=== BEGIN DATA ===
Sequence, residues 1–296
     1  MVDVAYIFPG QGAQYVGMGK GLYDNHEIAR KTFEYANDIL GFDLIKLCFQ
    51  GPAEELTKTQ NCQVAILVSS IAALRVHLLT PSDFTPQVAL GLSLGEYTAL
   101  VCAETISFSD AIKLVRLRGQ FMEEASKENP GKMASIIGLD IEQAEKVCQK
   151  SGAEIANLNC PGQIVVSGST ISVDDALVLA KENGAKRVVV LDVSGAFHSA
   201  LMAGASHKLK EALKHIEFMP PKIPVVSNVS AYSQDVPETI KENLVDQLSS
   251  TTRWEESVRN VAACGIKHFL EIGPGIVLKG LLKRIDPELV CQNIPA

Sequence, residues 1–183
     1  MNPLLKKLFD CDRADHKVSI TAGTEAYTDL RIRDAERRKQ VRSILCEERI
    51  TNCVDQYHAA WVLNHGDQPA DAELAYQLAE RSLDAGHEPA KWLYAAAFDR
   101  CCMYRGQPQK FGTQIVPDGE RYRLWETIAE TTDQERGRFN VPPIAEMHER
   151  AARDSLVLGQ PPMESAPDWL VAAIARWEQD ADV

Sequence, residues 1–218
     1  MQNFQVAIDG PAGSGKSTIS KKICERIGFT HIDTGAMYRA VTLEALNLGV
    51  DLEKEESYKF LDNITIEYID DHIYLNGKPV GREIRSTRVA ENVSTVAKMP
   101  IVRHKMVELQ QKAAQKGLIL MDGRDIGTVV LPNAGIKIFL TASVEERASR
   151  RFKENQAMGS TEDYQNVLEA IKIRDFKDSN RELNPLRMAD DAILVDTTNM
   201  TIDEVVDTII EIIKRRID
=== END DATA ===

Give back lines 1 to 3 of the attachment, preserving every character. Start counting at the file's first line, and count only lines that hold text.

Sequence, residues 1–296
     1  MVDVAYIFPG QGAQYVGMGK GLYDNHEIAR KTFEYANDIL GFDLIKLCFQ
    51  GPAEELTKTQ NCQVAILVSS IAALRVHLLT PSDFTPQVAL GLSLGEYTAL